Diets and feeding selectivity among the epipelagic copepod community near South Georgia in summer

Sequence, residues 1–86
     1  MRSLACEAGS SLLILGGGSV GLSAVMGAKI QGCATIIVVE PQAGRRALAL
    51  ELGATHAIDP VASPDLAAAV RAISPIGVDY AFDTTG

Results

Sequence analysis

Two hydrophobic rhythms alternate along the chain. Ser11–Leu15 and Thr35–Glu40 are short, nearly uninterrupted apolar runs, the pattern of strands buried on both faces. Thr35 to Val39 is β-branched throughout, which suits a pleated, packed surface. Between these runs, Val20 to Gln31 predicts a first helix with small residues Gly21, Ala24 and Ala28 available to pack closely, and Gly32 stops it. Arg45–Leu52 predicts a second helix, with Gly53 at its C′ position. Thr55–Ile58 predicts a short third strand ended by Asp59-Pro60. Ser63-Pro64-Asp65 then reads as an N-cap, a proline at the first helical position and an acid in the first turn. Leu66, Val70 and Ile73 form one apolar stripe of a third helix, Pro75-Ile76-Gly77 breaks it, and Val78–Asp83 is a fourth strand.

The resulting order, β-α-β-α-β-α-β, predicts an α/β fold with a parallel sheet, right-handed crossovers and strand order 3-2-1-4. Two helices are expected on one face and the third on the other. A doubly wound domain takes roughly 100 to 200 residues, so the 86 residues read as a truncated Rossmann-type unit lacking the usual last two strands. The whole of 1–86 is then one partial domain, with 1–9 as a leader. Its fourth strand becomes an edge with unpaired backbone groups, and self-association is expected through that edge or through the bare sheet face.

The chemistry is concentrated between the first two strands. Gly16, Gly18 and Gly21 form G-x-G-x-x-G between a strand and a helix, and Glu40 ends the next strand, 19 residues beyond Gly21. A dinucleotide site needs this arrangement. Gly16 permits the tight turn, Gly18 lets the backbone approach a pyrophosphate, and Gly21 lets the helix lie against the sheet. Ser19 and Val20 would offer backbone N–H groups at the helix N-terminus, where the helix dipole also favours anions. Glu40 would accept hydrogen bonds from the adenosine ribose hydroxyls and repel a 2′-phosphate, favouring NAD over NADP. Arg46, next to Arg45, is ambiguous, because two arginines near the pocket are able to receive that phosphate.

During the austral midsummers of 1989/1990 and 1990/1991, seven grazing experiments were undertaken near South Georgia. The copepods spanned 3 orders of magnitude in body mass, from young copepodids of small pseudocalanids to adult females of Rhincalanus gigas. Incubations were in natural sea-water and feeding rates were determined by microscope counts of food items (size range 7–1200 μm). Daily rations of the smallest copepods were up to 120% body carbon per day. These high rations contrast with values of less than 10% for large copepods (older copepodids of Calanoides acutus and R. gigas). All sizes of copepods could ingest the full size spectrum of measured particles. However, maximum filtration rates of small copepods were on cells <100 μm whereas the large grazers cleared the largest cells (usually long diatoms) at maximum rates. Motile, non-diatom taxa (mainly heterotrophic, aloricate dinoflagellates and ciliates) did not appear to have been eaten in preference to diatoms of similar size, but their abundance and high calorific value meant that they comprised a median of 43% of carbon intake across the experiments. These motile, mainly <50 μm cells were of a suitable size for ingestion by small copepods and consequently featured more prominently in their diets. The ability of small copepods to feed heavily on cells <50 μm, before, during or after blooms, may be important in their life cycles, leading to reduced competition with their larger relatives.